Chanting of the Pali suttas by Dhammaruwan when he was a young boy (age 3–8)

This recordings were made in the early 1970’s and the audio quality is not the best, but they are still well worth listening to. For more info about Dhammaruwan and his ability to chant in Pali at such an early age see this excerpt from an interview with Bhikkhu Bodhi:

Dhammaruwan Bojjhanga (Gilana) Suttas (SN 46.14–16) 1/4 25′ 2,96 MB :arrow_down:
Dhammaruwan Dhammacakkappavatanna Sutta (SN 56.11) 2/4 29′ 3,43 MB :arrow_down:
Dhammaruwan Girimananda Sutta (AN 10.60) 3/4 22′ 2,60 MB :arrow_down:
Dhammaruwan Mangala Sutta (Kp 5), Rattana Sutta (Kp 6), Metta Sutta (Kp 9) 4/4 22′ 2,63 MB :arrow_down:

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Sadhu :yellow_heart: Sadhu :green_heart: Sadhu :blue_heart:



These are often cited as one of the strongest evidences of rebirth.

As beautiful and innocent as they are, is that really the Occam’s Razor of explanations? How much more likely would it be that his uncle coached him? Some forest monk could have preserved these more ancient Pali pronunciations, the boy could be coached to memorize them and even have a written reference in front of him since these are only audio recordings. What would be the motivation? To make a stronger case for the doctrine of rebirth.

Dhammaruwan is now a Bhikkhu (Bhante Samadhikusalo) and I believe he still maintains that these recitations were based on genuine past life memories…

Afaik, he spent a considerable amount of time as a layperson. One would think that such a strong experience would have one running towards ordination. Perhaps I’m just being cynical but I can’t discount the idea of a “noble lie” for the well-intentioned good of the community.

I actually think those kinds of experiences might have you running in the opposite direction for parts of your life. Why? Because as an unenlightened person you are trying to establish your identity in this body, in this life…In any event, I have no good reason to accuse the man of lying

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Could be your right, and could it also be that you miss something important regarding this remarkable voice?

I actually don’t care if the story is a deliberate lie, because the innocence and this boys mentality reaches me/us through time and space, and makes my mind go happy and light. Have you listened to any of Dhammaruwan’s talks, because he is more than the story about him?

Maybe, maybe not …
I discovered The Dhamma when I was 50, and the first year I often had an urge for the robe, and even all of my friends in the Sangha included the monks was cheering me forward. If I had gone for those urges I would have missed a greater opportunity for practice and interesting dhamma projects here. And my guess is that if I had followed others suggestions, I would have missed out a lot of moving forward on the path.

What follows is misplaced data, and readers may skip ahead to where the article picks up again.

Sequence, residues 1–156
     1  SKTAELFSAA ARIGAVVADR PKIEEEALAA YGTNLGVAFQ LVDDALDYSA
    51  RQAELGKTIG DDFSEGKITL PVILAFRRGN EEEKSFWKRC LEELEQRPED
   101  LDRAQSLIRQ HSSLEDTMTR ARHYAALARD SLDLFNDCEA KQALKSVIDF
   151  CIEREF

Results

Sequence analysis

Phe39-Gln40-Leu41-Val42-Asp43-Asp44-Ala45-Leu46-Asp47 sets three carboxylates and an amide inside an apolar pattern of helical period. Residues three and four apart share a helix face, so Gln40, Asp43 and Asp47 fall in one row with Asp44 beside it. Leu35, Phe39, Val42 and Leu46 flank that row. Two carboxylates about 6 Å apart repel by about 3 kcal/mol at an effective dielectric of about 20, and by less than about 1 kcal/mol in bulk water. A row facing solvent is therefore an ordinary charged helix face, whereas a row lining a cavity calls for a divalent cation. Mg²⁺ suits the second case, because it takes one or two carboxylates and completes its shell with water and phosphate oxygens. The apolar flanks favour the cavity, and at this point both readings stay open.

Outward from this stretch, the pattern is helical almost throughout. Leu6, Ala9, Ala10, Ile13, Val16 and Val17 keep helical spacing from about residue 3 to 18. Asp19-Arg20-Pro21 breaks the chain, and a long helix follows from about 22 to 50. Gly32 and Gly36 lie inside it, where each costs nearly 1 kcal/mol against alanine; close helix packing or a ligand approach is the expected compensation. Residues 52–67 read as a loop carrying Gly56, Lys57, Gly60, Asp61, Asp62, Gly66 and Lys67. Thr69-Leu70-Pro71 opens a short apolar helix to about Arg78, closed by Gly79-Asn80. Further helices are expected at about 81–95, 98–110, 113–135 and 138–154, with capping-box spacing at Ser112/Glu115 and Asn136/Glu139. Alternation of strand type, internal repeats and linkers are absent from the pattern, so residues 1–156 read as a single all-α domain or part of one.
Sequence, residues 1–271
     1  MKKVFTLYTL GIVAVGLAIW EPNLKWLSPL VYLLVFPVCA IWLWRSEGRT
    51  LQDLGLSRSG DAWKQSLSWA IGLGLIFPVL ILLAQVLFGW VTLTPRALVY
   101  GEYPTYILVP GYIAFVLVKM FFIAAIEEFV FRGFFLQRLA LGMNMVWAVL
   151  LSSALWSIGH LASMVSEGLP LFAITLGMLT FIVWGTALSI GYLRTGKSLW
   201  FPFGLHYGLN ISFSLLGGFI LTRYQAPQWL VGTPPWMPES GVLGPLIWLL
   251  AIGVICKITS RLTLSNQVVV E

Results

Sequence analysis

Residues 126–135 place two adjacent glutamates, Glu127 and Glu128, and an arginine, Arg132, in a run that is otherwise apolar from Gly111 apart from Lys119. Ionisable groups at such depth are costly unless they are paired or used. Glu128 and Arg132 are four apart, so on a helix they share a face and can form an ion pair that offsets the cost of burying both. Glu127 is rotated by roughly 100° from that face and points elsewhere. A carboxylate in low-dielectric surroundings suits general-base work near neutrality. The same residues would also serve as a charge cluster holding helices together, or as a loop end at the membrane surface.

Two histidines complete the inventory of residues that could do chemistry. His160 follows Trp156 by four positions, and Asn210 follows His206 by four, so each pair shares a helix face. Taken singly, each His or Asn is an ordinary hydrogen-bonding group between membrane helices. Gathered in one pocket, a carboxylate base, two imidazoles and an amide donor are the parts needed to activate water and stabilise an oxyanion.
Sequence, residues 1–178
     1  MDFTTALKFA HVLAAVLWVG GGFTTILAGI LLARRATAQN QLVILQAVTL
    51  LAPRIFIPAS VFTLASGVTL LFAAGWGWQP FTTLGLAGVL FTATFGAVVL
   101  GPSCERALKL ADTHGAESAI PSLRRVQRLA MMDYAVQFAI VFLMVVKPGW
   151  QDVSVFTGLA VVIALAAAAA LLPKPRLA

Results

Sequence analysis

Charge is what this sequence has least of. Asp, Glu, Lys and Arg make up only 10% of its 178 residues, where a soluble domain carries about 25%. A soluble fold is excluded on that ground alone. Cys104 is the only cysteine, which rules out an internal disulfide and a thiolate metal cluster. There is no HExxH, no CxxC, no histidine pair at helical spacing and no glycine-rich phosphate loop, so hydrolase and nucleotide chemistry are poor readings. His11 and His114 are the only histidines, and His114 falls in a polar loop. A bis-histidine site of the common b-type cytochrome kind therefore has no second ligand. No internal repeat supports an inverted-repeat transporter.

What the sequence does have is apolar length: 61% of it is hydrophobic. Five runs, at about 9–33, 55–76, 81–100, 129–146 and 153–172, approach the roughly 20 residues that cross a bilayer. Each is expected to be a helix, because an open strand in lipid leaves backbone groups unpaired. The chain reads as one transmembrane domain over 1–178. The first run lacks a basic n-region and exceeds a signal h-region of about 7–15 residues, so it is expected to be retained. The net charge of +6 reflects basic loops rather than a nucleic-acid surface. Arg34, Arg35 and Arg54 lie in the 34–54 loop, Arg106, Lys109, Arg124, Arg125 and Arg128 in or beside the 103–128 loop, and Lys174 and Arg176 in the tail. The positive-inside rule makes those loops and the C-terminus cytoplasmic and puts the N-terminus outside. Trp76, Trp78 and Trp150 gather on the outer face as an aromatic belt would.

being no one going nowhere …. :kissing_heart:

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A book by Bhikkhu Anālayo coming out soon will include a case study of Dhammaruwan’s case:


I had a Burmese monk once tell me that the phenomena of a leaning Buddhist temple in Burma that didn’t fall over during a natural disaster was a Buddhist miracle. I can’t tell if he really believed that or if he felt compelled to say so because of his position in Burmese culture, or for more nefarious reasons like money. Maybe he really believed it, personally though, I think that’s probably the least likely explanation. Couldn’t help but think of the leaning tower of Pisa, is that also a Buddhist miracle?

I agree, the audio is hauntingly beautiful. However, it’s much more meaningful for someone already believing in the doctrine of rebirth. You could probably find a similarly pleasant and innocent audio of a young Christian or Muslim. Similarly, you could find plenty of theists who have had NDE’s and report back about God’s heaven.

Ian Stevenson’s mother was a member of the Theosophical society, he was hardly doing research without bias.

I hope that you as I have no difficulties of seeing rebirth from moment to moment in the present!? And what else people have of memories or experience is unknown. Personally I find rest in unknowing.

Bhante Analayo talks about his personal encounter with Dhammaruwan (download friendly audio recording) here:

It begins at around 12 minutes (talk starts at 6:27) and again at around 55 minutes, followed by the recording of young Dhammaruwan chanting the Dhammacakkappavatanna Sutta (SN 56.11) during the intermission at 58 minutes.

There is also a discussion concerning Bhante Analayo’s new book here Livestream interview with Ven Anālayo April 20